handler fixed it for you, you don't need to worry about it - you can
never know because you don't get access to that exception. It's as
if it was never propagated.

> One possibility is that the catcher of an exception knows little or
> nothing about the innards of the thrower.

It's the job of exception classes to bridge these - they have a
class, and any number of attributes.


In fact I suspect that Exception::IO::Open enforces a certain type of
fix, too:

        class Exception::IO::Open is Exception {
                has $.path; # what we tried to open
                has $.code; # the OS error code
                has $.mode; # the mode we attempted to open it with

                method resume (IO::Handle $thing) {

That way any bit of code that does:

        CATCH {
                when Exception::IO::Open {

has documented, encapsulation safe tools to fix IO related errors,
by redoing the call to open after remedying the situation.

It doesn't need to know what code actually called open().

Nowadays to get "standard" behavior from a UI toolkit would you have
to break abstraction and say 


to get semantics like a standard administrative access panel.

With continuable exceptions you just use plain open, and the UI code
can wrap your entire app with a rich standard library of exception

> {
>   error_throwing_code();
>   CATCH {
>     show_dialog_box();
>     CATCH {
>       throw;   # Pass the exception
>       show_dialog_box(); # Retry if I get resumed?
>     }
>   }
> }
> That's going to get old, quickly.


        CATCH {

since the parent CATCH will resume from *inside* show_dialog_box.

The abstraction of continuable exceptions should cascade.

> But <c>resume</c> should be part of the Exception interface.

Aye, see usefulness of this in above example.

> >resuming. This is nice because especially if we're trying to e.g.
> >
> >     my @handles = map { open $_ } @file_names;
> >
> >we can let the user skip unreadable files, by using return with no
> >value instead of returning a handle. This is a generic pattern that
> >enhances the user experience by not forcing the user to start over
> >again.
> >
> >For more specific code, i doubt there will be several exceptions of
> >the same kind in a call chain.
> >  
> >
> What's your example there? The "err undef" fashion, or the "pops up a
> dialog box and then calls setuid()"?

An exception ahndler that pops up a dialog box.

In this case it would be:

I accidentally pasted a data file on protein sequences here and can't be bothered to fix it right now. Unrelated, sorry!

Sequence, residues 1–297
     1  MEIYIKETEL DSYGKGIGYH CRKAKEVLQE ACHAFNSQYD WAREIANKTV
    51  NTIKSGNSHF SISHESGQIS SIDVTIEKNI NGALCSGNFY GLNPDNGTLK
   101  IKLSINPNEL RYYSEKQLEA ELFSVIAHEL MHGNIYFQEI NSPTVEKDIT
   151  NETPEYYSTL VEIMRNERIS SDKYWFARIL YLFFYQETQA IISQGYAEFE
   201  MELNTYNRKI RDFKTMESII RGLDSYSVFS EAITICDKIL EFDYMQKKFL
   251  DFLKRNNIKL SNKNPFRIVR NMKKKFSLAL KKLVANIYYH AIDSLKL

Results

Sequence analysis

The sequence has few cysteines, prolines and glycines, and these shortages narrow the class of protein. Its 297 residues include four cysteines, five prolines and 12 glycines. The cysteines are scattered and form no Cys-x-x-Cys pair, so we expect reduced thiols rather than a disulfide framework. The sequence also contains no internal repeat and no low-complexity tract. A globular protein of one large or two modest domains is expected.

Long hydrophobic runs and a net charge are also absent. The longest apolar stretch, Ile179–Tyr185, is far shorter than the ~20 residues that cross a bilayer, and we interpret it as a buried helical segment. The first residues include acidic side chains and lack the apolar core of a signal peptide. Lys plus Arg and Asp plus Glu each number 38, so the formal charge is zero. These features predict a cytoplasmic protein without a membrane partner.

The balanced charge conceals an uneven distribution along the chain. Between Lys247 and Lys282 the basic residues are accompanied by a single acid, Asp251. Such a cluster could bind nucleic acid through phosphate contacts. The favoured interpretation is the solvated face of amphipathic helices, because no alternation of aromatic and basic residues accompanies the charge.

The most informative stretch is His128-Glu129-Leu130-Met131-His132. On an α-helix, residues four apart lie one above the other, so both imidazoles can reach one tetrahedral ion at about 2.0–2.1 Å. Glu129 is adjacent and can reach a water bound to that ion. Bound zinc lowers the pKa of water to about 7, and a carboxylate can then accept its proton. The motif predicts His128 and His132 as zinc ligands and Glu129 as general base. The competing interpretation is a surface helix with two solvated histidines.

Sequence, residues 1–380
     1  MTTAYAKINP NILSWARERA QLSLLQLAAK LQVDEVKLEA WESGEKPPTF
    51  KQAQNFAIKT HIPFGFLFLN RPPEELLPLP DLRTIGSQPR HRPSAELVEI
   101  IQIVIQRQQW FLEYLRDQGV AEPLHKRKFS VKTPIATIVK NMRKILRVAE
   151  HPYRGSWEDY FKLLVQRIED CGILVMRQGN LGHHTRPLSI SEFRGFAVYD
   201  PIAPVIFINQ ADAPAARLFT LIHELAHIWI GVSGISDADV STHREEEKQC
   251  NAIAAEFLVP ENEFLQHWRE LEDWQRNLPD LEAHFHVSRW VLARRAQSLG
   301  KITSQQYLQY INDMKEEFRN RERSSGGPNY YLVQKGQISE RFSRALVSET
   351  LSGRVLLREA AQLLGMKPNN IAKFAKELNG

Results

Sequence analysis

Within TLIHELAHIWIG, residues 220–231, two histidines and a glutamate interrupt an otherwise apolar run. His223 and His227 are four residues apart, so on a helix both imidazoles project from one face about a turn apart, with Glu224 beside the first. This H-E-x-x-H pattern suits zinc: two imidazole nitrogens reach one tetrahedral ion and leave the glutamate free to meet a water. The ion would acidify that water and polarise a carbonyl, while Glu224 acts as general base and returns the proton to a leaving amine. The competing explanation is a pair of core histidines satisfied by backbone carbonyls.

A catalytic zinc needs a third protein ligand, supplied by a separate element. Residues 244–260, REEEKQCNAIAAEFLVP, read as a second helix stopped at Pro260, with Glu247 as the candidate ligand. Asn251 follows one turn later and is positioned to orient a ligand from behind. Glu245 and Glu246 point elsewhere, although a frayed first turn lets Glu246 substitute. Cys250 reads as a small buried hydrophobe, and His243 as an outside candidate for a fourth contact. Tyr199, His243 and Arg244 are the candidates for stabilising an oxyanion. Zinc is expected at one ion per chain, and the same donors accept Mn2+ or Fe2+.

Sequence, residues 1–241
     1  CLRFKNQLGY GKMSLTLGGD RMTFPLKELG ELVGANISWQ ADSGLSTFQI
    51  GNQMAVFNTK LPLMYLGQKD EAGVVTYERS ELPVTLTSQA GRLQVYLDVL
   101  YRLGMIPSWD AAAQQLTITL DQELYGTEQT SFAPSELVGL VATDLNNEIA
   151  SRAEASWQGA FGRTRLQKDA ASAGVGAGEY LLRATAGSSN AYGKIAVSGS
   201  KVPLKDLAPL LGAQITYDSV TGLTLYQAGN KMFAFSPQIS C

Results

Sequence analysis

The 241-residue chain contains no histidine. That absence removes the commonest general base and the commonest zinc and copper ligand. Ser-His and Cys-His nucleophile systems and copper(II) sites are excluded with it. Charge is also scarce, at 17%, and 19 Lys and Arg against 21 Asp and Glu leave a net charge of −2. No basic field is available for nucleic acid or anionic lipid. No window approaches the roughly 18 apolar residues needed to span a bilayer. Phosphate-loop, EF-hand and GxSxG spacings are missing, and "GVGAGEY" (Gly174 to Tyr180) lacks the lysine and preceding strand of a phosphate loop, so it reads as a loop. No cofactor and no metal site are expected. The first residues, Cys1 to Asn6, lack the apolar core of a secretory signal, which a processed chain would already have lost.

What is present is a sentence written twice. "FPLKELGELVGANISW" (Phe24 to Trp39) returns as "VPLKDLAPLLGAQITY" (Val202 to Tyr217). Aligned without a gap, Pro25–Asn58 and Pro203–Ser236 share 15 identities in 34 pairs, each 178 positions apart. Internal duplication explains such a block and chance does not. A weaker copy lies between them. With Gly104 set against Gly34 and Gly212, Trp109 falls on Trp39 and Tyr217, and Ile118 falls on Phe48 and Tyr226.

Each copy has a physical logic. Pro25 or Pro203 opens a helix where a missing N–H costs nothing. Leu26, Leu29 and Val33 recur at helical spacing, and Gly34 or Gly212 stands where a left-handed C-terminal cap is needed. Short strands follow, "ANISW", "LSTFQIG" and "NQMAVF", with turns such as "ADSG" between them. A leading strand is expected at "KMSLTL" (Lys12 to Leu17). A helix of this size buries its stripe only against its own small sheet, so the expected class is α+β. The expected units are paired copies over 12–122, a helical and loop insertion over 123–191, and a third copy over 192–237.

The file <x> could not be read: $!

        chmod it (chmod the file, and reopen it with same args)

        skip it (resume with no value)

        abort the program (rethrow instead of resume)

Now, if the chmod operation had an exception like permission denied,
obviously we are not the owner. To chown the file we need to setuid,
and for that we need the user to authenticate.

> I confess I find that (the dialog box) an amazing piece of work, but in
> practical terms somebody someplace has to be doing a retry: I don't see
> how it would work via resuming an exception.

That's the point of continuable exceptions. When returning an
exception from 'open' which is then thrown due to 'use fatal', the
exception handler can then resume from the point where it was
thrown, effectively replacing the exception object with a handle,
that is then assigned to the variable:

        my $handle = open "file";

Under 'no fatal' $handle will have an exception object

under 'use fatal' $handle will not be set at all... Unless the
exception handler provides a different value to be put into $handle.

> Unless Damian does it ;)

I doubt even Damian likes to have all the lexical scopes his program
made boo-boos in stay alive with no GC in case someone at some later
point in the program decides that they can fix those errors.

Also - after the code happenned, certain blocks of code will be

This might be useful for obfuscation though ;-)

> My suggestion here is that <c>with</c> load the dataspace of the
> continuation atop the current environment.

Yes, I see, but instead of doing it that way you can do it more
safely with more characters by introspecting the exception object
and using well documented attributes instead.

 ()  Yuval Kogman <[EMAIL PROTECTED]> 0xEBD27418  perl hacker &
 /\  kung foo master: /me groks YAML like the grasshopper: neeyah!!!!!!